One of the company’s results was the use of a “three-dimensional” superconducting qubit, or 3D qubit (pictured), to extend the amount of time that qubits retain their quantum states up to 100 microseconds, two to four times better than previously reported records.

This figure is just over the minimum threshold needed to allow effective error correction schemes, IBM said.

In another experiment IBM demonstrated a two-dimensional qubit device implementing one of the fundamental quantum computing operations, called a controlled-NOT (CNOT) operation, which showed a 95 percent success rate and a coherence time of nearly 10 microseconds.

These figures also are on the edge of allowing effective error correction schemes to come into play, IBM said.

While IBM predicts it will be another 10 to 15 years before quantum computers become viable, it said the advances show significant progress. The company said it is continuing to work with researchers at other institutions on the technical and manufacturing challenges involved.

“The superconducting qubit research led by the IBM team has been progressing in a very focused way on the road to a reliable, scalable quantum computer,” said David DiVincenzo, professor at the Institute of Quantum Information, Aachen University and Forschungszentrum Juelich, in a statement. “The device performance that they have now reported brings them nearly to the tipping point; we can now see the building blocks that will be used to prove that error correction can be effective, and that reliable logical qubits can be realised.”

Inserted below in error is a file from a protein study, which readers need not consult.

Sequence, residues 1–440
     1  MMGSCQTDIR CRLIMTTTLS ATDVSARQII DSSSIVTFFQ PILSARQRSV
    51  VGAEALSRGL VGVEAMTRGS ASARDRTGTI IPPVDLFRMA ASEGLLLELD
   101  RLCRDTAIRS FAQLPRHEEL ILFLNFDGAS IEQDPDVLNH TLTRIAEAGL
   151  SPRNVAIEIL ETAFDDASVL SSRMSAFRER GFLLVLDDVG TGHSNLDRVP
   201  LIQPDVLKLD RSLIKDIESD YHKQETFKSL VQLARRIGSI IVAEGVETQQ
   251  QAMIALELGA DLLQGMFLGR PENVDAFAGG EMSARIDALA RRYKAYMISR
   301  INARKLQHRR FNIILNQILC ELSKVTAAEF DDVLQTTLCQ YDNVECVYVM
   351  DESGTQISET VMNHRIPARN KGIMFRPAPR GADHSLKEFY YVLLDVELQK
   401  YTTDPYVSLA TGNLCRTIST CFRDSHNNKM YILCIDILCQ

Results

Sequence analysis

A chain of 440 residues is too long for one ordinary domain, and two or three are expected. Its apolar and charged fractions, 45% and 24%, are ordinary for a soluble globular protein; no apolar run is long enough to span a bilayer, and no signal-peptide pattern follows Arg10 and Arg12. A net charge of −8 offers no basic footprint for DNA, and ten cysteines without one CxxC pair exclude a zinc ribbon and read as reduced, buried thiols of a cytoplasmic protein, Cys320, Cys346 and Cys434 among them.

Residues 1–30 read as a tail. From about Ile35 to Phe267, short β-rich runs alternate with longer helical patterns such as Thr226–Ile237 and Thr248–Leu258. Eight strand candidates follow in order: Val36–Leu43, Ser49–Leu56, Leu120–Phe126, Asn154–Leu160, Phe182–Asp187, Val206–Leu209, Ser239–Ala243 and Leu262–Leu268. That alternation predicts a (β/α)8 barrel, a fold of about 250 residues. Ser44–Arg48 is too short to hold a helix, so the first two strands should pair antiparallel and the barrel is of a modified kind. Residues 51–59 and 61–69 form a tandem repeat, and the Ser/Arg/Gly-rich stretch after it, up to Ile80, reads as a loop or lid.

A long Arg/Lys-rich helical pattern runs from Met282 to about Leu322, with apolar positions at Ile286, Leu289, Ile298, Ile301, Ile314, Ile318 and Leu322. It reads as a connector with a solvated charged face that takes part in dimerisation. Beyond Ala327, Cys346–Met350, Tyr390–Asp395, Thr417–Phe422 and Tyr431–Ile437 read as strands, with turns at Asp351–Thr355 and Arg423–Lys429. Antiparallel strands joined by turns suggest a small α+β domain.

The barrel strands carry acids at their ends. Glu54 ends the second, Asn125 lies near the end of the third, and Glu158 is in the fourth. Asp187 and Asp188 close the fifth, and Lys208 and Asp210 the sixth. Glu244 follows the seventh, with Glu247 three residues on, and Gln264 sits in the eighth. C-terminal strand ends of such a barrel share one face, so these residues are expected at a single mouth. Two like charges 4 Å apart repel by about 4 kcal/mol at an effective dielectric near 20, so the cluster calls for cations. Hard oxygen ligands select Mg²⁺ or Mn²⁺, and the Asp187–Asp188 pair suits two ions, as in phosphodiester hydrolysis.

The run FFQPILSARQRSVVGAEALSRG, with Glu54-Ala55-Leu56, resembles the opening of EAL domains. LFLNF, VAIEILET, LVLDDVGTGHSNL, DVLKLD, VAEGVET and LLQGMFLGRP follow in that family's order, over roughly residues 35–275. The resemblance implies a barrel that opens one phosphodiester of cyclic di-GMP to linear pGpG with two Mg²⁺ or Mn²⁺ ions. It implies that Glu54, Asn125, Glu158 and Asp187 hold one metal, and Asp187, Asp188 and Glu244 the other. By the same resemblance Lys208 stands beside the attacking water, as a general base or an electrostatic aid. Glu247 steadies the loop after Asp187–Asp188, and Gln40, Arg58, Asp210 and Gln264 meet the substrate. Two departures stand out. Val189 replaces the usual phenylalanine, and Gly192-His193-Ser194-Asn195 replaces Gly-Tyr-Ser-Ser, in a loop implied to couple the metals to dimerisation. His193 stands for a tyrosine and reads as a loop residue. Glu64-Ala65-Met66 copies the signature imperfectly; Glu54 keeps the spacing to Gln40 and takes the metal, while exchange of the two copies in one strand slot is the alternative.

Quantum security

In January scientists demonstrated how quantum computers could be used to improve the security of cloud computing.

The research, carried out by Vienna Centre for Quantum Science and Technology (VCQ) at the University of Vienna, showed that a technique called “blind quantum computing” can be extended to cloud services, such as Google Docs, but crucially for businesses without the loss of security. This is because the so-called blind quantum computing can be carried out without a cloud computer ever knowing what the data actually is.

Also last month researchers at Cambridge University said they had created a “quantum fluid” that could be a breakthrough in the development of quantum computers.

The Cambridge University scientists built a semiconductor chip that uses lasers to generate particles exhibiting such phenomena, but on a much larger scale than usual – so large that they are visible to the human eye. The team named their particles “polaritons”.

The polaritons behave like superconductors and demonstrate classic quantum pendulum states, and the scientists found they could control the particles’ movements by moving the position of the laser beams.

The team said they could increase the number of laser beams to create more complicated quantum states.

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Matthew Broersma

Matt Broersma is a long standing tech freelance, who has worked for Ziff-Davis, ZDnet and other leading publications